1. I’m surprised this article doesn’t discuss using living plants as a weed barrier. I have had excellent results using lemon grass between a lawn or pasture and cultivated beds. The chemicals it secretes seem to repel running grassing trying to get through. As a bonus you can slash it for mulch several times a year. Spider lilies (Hymenocallis) are also excellent but a bit slower to propagate and establish, but last forever once they get going unlike lemon grass that dies out after a few years. I also have used vetiver and purple feather grass (Pennisetum purpureum) with good results.

    1. I also was expecting other plants to be the solution. :) Plants that the weeds in question don’t like, or don’t allow through, somehow.

  2. I live in Brisbane. I have found betel leaf also makes a great weed barrier, even in quite poor soil. Once it is established it is Very Hardy. However, if you want to remove it, cover it with wood chips, leave it for a few weeks and then pull. It is great in the compost.

  3. My weed problem is not with my garden but with my neighbors yard. They let their weeds go to seed and the “seed drift” is horrible. After putting in a deer & rodent fence I was given some acrylic panels, about 20 inches in height and 4 feet long. I anchored these with recycled bed springs to my lower fence, the springs worked great! This year the weed seed sprouts are way down. I have been training Marrionberry, thorn-less Blackberry and climbing roses to grow on the fence and had left the lower areas open so my kitties could see through and watch the deer & bunnies, they now require booster seats.

  4. We use living mulches heavily, specifically bush peas. Because they tolerate cold, wettish soil, we can seed early before the weeds are up. Once they are up, it’s almost impossible for weeds to grow because of the shading of the soil. Where we can, we leave them in place all season. Planting veggie starts is no problem. We simply cut the pea plants down (not pull out) so that the veggie starts get light and air circulation.

    We get nitrogen fixing, composting in place, weed suppression, protection of the soil from rain compaction and direct sun, fresh peas for blanching/freezing, dried peas for seed and soup.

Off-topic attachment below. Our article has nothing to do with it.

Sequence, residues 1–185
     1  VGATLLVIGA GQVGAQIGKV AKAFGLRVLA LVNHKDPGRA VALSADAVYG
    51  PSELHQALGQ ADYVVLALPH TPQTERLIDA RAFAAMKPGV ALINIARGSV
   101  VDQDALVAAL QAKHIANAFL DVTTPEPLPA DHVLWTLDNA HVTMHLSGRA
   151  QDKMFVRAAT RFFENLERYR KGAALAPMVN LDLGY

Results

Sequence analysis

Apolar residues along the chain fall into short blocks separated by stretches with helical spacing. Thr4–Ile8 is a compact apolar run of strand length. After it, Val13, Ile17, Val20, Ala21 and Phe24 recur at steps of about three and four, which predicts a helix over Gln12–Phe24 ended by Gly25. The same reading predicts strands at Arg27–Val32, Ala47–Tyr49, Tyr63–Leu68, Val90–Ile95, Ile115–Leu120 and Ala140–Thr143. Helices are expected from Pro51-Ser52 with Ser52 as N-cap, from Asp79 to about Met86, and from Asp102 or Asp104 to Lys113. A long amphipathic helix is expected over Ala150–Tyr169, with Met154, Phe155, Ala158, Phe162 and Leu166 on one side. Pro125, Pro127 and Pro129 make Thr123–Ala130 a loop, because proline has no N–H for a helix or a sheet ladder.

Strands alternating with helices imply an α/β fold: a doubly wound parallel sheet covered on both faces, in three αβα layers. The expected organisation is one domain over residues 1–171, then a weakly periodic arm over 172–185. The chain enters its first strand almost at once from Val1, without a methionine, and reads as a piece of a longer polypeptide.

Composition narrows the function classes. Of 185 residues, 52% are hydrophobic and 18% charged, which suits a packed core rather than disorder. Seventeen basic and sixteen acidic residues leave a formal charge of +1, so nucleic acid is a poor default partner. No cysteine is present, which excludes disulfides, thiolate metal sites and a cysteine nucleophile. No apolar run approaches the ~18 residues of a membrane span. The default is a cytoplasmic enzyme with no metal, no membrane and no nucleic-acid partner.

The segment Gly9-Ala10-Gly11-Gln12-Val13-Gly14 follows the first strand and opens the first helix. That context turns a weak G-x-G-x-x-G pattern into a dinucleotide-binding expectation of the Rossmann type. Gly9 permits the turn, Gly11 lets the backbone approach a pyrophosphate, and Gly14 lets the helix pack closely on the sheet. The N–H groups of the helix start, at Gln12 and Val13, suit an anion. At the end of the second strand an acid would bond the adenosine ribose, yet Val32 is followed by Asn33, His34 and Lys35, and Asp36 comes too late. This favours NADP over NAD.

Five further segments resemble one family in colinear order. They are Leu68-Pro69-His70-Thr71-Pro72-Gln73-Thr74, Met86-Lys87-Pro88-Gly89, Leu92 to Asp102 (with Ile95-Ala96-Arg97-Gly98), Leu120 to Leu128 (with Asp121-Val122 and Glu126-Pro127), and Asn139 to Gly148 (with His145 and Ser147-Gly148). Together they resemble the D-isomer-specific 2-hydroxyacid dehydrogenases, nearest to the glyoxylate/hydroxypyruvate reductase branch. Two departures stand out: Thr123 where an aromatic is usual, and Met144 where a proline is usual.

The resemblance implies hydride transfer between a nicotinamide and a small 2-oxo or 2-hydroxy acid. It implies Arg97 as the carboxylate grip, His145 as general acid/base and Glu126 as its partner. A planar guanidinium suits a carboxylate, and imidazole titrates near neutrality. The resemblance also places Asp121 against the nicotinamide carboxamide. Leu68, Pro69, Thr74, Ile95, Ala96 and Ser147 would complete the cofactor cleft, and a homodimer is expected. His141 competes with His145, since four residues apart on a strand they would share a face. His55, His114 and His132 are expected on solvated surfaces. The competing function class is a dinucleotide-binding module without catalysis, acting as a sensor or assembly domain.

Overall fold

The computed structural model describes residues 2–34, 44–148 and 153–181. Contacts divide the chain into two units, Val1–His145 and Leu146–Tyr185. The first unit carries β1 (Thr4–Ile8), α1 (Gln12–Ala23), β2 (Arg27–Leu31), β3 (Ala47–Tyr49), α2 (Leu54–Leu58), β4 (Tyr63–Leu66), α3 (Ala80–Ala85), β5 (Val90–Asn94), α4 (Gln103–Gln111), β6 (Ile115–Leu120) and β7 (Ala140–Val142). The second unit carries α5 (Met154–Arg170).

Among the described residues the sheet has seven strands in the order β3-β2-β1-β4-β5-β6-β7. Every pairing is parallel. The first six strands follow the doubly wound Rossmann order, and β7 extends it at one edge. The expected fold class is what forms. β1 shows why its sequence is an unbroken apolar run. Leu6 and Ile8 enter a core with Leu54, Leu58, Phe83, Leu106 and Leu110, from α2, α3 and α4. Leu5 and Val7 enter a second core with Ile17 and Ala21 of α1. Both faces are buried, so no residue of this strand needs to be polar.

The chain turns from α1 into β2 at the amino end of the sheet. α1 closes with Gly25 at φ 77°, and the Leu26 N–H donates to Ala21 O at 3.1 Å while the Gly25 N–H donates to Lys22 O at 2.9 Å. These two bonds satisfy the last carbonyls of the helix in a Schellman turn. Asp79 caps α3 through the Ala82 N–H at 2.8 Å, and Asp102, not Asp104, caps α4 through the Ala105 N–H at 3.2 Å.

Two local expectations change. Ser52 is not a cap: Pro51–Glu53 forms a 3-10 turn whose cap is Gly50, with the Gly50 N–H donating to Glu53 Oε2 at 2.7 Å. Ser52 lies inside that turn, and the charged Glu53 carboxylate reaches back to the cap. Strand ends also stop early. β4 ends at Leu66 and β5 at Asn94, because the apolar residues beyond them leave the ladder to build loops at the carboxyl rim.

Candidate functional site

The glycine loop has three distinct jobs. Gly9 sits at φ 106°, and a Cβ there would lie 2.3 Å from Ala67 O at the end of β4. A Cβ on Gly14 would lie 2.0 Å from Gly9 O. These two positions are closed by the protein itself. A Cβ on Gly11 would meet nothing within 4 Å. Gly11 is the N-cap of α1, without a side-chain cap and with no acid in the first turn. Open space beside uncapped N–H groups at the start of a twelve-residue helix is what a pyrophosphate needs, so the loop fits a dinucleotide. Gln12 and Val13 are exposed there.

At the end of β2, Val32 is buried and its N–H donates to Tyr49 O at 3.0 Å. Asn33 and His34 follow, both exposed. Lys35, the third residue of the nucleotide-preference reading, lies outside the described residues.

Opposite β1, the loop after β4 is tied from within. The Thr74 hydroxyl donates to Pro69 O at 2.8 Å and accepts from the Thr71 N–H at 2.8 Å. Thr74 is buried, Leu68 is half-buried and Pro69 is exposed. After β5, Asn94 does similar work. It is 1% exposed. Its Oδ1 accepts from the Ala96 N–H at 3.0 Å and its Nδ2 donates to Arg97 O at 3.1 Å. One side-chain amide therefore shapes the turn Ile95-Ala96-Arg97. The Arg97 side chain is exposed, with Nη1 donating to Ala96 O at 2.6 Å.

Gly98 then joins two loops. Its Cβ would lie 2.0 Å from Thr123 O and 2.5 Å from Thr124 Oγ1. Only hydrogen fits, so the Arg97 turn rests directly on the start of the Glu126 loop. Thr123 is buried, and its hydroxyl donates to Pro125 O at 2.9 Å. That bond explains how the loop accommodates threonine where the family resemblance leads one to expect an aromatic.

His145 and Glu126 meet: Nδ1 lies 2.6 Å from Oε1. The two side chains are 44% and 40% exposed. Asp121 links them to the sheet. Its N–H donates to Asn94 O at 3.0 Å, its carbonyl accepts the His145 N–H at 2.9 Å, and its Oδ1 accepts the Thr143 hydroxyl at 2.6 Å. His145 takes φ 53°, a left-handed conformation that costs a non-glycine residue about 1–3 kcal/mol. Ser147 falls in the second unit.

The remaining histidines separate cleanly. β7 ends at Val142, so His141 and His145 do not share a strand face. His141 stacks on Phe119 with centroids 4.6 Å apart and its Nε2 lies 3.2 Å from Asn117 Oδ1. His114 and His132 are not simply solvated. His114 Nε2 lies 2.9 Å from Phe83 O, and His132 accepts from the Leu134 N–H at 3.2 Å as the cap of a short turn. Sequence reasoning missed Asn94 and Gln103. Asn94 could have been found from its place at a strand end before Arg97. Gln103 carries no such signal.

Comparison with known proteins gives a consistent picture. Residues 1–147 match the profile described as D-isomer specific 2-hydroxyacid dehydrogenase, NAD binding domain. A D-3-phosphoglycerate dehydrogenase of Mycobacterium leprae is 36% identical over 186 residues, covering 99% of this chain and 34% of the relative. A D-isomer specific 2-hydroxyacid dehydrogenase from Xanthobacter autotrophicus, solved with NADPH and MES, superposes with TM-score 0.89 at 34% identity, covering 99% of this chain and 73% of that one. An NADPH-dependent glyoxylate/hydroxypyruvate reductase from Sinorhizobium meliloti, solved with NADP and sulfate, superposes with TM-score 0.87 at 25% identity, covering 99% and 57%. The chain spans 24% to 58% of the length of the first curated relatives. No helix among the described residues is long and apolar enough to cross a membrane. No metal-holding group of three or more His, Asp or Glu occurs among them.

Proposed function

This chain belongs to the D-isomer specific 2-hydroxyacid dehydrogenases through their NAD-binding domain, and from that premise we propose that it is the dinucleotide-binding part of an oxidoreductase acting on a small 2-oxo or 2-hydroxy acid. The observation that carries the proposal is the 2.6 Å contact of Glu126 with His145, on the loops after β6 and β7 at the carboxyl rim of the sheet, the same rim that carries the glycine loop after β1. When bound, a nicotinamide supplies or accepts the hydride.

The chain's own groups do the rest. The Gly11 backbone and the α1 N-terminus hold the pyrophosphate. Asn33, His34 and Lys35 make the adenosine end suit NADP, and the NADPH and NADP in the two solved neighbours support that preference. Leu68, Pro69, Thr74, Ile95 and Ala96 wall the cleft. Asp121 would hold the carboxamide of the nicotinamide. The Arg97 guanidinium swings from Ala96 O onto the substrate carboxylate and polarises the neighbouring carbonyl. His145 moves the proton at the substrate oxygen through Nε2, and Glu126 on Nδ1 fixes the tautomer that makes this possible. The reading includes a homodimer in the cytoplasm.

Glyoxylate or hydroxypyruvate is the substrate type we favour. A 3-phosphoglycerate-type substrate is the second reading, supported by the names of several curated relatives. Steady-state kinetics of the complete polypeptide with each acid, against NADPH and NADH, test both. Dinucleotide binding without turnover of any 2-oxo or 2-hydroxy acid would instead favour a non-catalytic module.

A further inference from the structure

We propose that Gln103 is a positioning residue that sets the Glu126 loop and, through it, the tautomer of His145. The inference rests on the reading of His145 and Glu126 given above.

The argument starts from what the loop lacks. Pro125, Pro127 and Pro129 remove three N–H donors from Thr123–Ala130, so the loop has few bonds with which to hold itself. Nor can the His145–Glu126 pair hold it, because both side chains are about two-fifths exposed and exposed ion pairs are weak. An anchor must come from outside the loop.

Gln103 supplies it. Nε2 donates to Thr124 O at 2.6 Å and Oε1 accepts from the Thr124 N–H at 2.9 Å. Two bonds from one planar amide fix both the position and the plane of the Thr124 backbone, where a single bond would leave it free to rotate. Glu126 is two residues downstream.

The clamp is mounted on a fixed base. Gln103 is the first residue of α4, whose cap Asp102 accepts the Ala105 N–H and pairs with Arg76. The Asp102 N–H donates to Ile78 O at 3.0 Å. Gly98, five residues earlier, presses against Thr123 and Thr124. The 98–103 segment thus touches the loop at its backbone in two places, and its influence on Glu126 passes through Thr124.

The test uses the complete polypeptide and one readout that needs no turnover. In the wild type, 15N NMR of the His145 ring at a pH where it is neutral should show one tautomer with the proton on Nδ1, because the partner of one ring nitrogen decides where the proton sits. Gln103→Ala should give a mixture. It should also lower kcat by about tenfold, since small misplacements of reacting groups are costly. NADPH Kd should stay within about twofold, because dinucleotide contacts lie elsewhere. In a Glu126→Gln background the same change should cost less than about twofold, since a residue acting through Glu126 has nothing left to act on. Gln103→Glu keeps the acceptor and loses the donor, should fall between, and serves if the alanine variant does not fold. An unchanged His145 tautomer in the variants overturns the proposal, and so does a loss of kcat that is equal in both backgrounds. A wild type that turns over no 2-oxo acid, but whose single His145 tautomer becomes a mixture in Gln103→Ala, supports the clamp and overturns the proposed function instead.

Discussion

5. Clear plastic sheeting – If you have purchased a new “white good” appliance, or a mattress, these items are quite often delivered with a clear plastic covering. If you properly anchor the plastic (bricks / rocks / lumber) over a proposed garden bed during early Spring (or late Winter), you will have a warmed and weed-free plot – “ready for planting”. The plastic may be used a number of times, and is also re-cyclable. ^00^

  6. I’ live in Eugene Or. where we have abundant moss growing on just about everything. The heavy sheets that can be “harvested” are sometimes 8 ft ling. For the first year I am placing theses sheets of moss between rows in my vegetable garden to prevent weeds. We’ll see how it works. Sure looks nice.

  7. Please do not use plastic or fabric weed barriers. They’re so bad for the soil (hence bad for the entire ecosystem) and are horrendous for the later property owners. Someone put two layers of plastic weed barrier over our entire back yard. Apparently (?), rather than replacing the first layer after the weeds grew through and around it with a vengeance, they added another layer on top of the first layer plus many inches of soil. So, the roots of the poor birch trees and other plants that have survived the weed barrier weave between the two layers, making it more-or-less impossible to remove the lower later and extremely difficult to remove the upper layer (which, of course, is also beneath 2 or more inches of soil). This stuff is only used by lazy, unthinking people with no respect for soil or the plants and creatures, including ourselves, that depend upon it.